Guy Billout
Guy Billout


Early interactions with parents do not critically determine how people relate to others when grown.

While many individuals have little trouble getting close to romantic partners, trusting them, confiding in them, and relying on them as a base of support, not everyone relates to others in this way. Some have a strong aversion to becoming entwined; others are prone to anxiety about how much they can truly rely on someone. Psychologists use the term “attachment style” to describe how individuals differ in the degrees of avoidance or anxiety they exhibit in their relationships and whether they are relatively secure or insecure about their bonds.

Attachment theory started as an exploration of the relationship between infants and caregivers, and studies suggested that some children show markedly anxious or avoidant behaviors after being separated from their parents. Given the appearance of such differences in early life, a common misconception about adult attachment styles is that they are essentially based on how one related to and was treated by parents as a child. But the connection between how one is raised and how one turns out is not as simple as it might look.

“People think of attachment, in some ways, as an inoculation,” says Jay Belsky, a researcher of child development at the University of California, Davis. “That if you’re secure or insecure as an infant or a toddler, that sets things up for the rest of your life. And that’s just an exaggeration.” The continuity between attachment characteristics in childhood and adulthood varies among individuals—and early neglect or abuse can, of course, cause long-term harm. But long-term studies find that average correlations between early and later attachment-related measures are moderate at most.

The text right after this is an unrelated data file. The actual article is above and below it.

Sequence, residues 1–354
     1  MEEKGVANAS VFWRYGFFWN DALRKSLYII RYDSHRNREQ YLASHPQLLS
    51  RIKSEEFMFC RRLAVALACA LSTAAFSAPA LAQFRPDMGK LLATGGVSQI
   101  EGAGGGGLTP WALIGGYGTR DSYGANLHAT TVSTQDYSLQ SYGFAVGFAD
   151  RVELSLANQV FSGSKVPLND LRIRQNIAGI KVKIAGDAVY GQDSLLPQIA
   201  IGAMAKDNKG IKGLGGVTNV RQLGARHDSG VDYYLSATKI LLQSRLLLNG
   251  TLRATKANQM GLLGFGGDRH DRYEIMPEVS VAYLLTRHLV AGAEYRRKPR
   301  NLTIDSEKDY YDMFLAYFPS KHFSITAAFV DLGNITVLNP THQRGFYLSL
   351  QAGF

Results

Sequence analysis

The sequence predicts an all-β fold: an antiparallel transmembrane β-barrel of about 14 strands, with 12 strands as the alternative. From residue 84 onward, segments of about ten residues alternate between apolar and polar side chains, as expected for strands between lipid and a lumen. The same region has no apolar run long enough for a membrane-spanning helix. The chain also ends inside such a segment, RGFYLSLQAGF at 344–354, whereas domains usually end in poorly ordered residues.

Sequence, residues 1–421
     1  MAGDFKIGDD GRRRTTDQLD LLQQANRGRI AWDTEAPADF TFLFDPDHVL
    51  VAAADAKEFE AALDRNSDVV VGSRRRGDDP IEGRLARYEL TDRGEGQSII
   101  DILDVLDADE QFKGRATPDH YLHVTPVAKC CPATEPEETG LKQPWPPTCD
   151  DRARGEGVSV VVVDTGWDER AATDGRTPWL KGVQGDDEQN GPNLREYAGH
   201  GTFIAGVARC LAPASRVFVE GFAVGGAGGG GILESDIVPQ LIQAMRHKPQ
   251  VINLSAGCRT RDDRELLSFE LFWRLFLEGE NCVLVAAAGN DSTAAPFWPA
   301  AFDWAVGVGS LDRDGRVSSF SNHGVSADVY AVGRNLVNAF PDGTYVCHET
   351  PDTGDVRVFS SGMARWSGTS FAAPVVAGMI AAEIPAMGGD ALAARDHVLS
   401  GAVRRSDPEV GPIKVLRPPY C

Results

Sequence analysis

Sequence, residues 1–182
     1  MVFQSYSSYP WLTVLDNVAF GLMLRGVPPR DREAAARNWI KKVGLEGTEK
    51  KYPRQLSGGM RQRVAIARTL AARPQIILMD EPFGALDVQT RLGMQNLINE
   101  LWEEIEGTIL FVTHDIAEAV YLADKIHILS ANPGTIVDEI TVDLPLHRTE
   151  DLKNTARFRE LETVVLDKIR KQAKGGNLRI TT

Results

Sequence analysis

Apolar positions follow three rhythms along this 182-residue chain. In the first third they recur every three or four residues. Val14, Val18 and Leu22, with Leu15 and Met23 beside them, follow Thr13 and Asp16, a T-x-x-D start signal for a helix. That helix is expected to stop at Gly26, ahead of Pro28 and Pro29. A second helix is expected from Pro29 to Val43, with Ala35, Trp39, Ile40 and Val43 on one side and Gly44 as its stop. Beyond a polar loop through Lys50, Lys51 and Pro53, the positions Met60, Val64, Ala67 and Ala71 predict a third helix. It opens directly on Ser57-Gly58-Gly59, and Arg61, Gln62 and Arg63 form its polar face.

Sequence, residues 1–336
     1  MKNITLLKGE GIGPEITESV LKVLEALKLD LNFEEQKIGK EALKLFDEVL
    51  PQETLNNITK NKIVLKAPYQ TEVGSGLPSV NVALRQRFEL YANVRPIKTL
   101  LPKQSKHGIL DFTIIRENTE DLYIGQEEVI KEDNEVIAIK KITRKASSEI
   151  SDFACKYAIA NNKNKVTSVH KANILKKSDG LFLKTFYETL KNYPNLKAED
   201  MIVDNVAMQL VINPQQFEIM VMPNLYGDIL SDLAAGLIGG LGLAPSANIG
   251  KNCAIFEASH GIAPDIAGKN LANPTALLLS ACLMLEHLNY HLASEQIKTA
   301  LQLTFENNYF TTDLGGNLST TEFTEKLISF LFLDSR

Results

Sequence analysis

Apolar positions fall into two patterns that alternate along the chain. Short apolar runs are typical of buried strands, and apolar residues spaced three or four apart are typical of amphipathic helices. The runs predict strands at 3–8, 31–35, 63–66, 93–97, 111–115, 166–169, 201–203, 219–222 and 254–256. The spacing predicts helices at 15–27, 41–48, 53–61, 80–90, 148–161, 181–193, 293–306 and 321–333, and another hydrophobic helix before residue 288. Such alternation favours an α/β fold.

Early relationships could have a “developmental legacy,” Belsky says, but it depends on what follows. “Imagine that I am an insecure child, but I encounter teachers in a school system who are wonderfully supportive and caring and are patient and attentive toward me. Those experiences can reshape my internal working model, how I perceive, think about, and respond to the world.”

Attachment researchers such as R. Chris Fraley, of the University of Illinois at Urbana-Champaign, take a similarly broad view. “The reason why any one person may be insecure as an adult could be due to something in his or her recent history, such as experiencing a devastating breakup,” he explains. “Or it could be explained by a history of interpersonal interactions.”

Also, a suboptimal experience with a parent might affect the parent-child bond without coloring other relationships. “We know, for example, that children who do not grow up in the same household as one of their parents do not have as secure a relationship with that parent as children who do,” Fraley notes.

As is the case with other characteristics, multiple factors—including one’s genes—shape one’s orientation to parents or partners. It’s not simply a matter of whether a parent was sufficiently sensitive and caring. “I compare human development to meteorology,” Belsky says. “You might say, ‘It’s really humid, so it’s going to rain,’ but whether it rains depends on multiple factors. We, too, have a lot of moving parts.”